21 Things Your Dog Hates When You Do
Let’s face it: dogs are pretty much perfect. Okay, that’s a bit exaggerated. Our dogs are perfect in our eyes. No matter how many socks they rip, trash cans they get in to, or messes they make in the house, we continue to love them no matter what. However, just like humans, there are some things your dog dislikes. No, I’m not talking about treat preferences or dog beds! Have you ever noticed the uncomfortable looks they give when you hug them? The sad eyes when you pull them on a tight leash?
Dogs have certain things that make them uncomfortable, just like their owners. But sometimes, these actions have negative effects on your pup that can affect their behavior and overall demeanor while they’re around you. Every dog is different, but it’s always important to pay attention to your pet to make sure they’re never put in a situation that may cause them distress.
Here are 21 things your dog may dislike:
While hugging is a way for humans to bond, dogs are strongly averse to having arms conceal their bodies. Why? Have you ever been in a very, very crowded room? Did you ever feel claustrophobic? That’s what hugging feels like to dogs. Not only do they feel trapped, but your hugging them may also come off as a sign of dominance. Now, every dog is different. Overly affectionate dogs may love hugs, some may tolerate it out of their love for you (it still means they may not like it), and others may become violent. If you attempt to hug your dog and notice that their ears are pinned back, their posture is stiff, or their expression is tense, refrain from hugs. Tip: make sure visitors or strangers know this as well. It’s better to be safe and to respect your dog’s boundaries.
When did yelling ever solve anything? I’m sure you’ve never appreciated it when someone yelled at you—it’s the same with your pet. Yelling at them will make them anxious and scared (or they may not pay attention at all), and they most likely won’t even understand what you’re yelling about! Try positive reinforcement instead when they do something right as opposed to raising your voice when they do something wrong.
Although dogs can be very smart, they aren’t scholars. By all means, talk to your dog! They may not understand what you’re saying, but it definitely helps you two bond. However, when it comes to commands, it’s best to make it short and simple. Use key words such as “sit”, “walk”, “good”, “toy”, etc., tone, and positive body language. You’ll have a better chance of getting your message across!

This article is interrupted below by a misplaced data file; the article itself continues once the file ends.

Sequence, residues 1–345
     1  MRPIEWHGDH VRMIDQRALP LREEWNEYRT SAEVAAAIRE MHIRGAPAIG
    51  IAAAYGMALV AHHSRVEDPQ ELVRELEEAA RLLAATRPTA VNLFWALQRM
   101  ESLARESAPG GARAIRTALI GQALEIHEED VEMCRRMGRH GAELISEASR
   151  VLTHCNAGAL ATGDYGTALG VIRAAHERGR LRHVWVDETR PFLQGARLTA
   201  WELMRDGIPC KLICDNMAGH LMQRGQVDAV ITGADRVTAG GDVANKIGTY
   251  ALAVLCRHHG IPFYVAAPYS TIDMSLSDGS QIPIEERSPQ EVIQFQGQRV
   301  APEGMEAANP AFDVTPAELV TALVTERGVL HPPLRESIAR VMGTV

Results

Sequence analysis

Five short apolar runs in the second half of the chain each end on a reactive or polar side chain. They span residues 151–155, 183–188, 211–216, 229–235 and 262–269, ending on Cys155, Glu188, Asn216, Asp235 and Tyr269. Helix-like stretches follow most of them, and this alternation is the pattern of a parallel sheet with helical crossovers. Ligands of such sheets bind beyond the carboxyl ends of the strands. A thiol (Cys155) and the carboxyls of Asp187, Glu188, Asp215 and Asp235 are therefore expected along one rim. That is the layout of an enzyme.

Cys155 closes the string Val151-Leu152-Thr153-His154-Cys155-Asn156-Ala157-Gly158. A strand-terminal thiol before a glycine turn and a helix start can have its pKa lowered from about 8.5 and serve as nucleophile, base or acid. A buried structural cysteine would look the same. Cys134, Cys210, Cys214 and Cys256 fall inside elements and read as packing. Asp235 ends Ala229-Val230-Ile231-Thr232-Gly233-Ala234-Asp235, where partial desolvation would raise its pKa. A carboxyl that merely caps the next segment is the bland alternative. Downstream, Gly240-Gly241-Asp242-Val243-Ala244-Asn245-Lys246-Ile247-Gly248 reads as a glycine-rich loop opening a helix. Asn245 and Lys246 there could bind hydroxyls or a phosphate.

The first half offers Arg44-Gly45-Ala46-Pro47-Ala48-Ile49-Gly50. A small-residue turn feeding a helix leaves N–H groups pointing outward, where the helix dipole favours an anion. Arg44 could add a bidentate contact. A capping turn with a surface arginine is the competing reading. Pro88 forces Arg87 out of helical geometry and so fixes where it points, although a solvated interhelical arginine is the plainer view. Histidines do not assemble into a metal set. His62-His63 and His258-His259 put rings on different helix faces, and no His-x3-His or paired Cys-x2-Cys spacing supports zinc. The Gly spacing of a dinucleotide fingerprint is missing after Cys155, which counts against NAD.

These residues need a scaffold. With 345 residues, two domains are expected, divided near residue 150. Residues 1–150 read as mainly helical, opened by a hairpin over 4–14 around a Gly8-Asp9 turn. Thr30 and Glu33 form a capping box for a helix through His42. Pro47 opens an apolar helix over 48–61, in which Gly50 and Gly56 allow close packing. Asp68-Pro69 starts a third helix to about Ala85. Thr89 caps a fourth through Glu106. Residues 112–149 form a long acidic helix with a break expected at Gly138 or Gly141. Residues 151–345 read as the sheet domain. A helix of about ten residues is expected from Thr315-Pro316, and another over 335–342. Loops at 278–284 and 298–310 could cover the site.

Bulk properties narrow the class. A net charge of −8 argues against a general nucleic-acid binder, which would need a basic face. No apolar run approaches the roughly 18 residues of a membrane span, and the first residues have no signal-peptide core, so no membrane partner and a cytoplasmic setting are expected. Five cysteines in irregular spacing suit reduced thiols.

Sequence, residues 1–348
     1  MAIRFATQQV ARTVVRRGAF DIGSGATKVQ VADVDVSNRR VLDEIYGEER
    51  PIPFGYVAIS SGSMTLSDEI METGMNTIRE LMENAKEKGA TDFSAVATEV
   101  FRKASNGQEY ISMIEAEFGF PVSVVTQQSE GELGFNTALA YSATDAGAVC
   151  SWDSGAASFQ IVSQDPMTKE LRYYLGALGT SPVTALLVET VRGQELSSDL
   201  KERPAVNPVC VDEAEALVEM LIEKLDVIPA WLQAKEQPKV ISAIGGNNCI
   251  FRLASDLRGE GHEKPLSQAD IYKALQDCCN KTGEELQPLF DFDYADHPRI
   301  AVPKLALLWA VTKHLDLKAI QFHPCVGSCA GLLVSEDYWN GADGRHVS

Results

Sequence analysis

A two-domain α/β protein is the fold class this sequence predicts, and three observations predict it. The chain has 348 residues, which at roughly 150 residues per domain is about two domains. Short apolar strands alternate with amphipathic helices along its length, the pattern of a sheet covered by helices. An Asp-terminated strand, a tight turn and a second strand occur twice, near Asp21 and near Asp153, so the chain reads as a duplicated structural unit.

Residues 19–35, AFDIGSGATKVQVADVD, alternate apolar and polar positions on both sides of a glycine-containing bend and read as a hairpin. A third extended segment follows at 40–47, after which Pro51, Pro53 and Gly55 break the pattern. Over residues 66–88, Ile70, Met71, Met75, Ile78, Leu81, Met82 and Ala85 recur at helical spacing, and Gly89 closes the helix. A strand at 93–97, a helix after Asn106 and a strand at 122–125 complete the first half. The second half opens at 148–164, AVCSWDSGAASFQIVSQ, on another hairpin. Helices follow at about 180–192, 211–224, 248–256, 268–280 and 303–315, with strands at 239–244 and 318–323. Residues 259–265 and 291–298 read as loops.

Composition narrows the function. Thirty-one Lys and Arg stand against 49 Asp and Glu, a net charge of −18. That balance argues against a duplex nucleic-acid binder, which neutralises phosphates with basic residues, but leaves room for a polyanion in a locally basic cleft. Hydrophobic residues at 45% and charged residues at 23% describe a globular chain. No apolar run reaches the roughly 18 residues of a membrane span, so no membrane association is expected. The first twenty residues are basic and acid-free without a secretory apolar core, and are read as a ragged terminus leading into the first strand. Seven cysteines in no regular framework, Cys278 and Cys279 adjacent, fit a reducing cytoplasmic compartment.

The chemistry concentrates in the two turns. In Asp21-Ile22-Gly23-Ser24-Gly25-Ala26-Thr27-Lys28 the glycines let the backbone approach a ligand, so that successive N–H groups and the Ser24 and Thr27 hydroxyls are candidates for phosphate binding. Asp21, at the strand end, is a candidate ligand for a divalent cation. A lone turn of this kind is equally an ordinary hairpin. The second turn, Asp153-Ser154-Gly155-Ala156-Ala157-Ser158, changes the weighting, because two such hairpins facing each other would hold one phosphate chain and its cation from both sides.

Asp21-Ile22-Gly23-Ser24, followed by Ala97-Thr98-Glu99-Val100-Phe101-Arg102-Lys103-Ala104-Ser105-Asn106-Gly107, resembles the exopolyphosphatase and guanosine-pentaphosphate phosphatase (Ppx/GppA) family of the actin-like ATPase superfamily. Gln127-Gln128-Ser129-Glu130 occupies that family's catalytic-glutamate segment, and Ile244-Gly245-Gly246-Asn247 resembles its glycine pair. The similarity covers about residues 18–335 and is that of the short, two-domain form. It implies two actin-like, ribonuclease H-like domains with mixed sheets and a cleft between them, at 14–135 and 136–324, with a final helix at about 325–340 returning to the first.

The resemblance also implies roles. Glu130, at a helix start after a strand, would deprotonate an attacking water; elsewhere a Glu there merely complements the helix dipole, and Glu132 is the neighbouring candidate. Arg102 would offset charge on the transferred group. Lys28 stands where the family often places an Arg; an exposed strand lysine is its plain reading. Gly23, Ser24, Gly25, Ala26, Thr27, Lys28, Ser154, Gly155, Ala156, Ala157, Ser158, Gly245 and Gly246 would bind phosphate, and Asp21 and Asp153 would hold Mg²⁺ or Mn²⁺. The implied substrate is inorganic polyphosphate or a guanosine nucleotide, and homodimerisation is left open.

4. Lack of Structure
While we humans crave spontaneity from the regular routine of everyday life, our dogs couldn’t love it more! Routine is a comfort for them, so try to make sure that you feed them, take them out, and walk them around the same time every day. Additionally, the exercise and regular schedule keeps them from acting out!
5. Face Petting
Just like hugging, every dog will have a different reaction to your hands on their face. While some love the touch, others may only tolerate it. It also goes without saying that if you do pet your dog’s face, make sure to be gentle. But, to be safe, stay in safe zones such as the neck, shoulders, or chest (especially with new dogs)!
6. Eye Contact
We love to look at our dogs, especially in the eyes, to convey our love for them. However, it’s best to avoid this with dogs you don’t know. Direct eye contact can be interpreted as a challenge or even a threat!
If you’ve ever taken your dog on a walk, you know how much your dog likes to sniff! It may be annoying to you, but for them, it’s a chance to see who’s been around their neighborhood. Don’t pull them away or berate them for sniffing. This is their version of social media. Imagine if you were on your phone and someone took it from you. That’s what it feels like to dogs when you pull them away from their sniffing spots!
8. Making Them Play Dress Up
It may be cute to dress your dog up in different outfits or old clothes you’ve had for years, but most dogs tolerate it and don’t really enjoy it. There may be exceptions, such as dog-specific jackets or coats during the winter to keep them warm. Nevertheless, silly costumes that you dress them up in for fun and giggles is not okay. While they’re being laughed at and seen by you and other humans, they may feel confused or anxious at the attention and reactions. Again, every dog is different, so they may love the attention. But pay attention to their expression and moods to make sure they aren’t uncomfortable.
9. Scary Situations
There are going to be things that your dog won’t like such as vacuums, the vet, or other specific things (for example, my dog hates when my brother plays his trumpet)! While some things can be counterproductive, there are ways that you can positively introduce your pup to these new and exciting stimuli. The best option is to do it gradually over time, at a distance. You can reward them for being calm and then slowly keep moving them towards the object or person until they become comfortable with it.
10. Strong Smells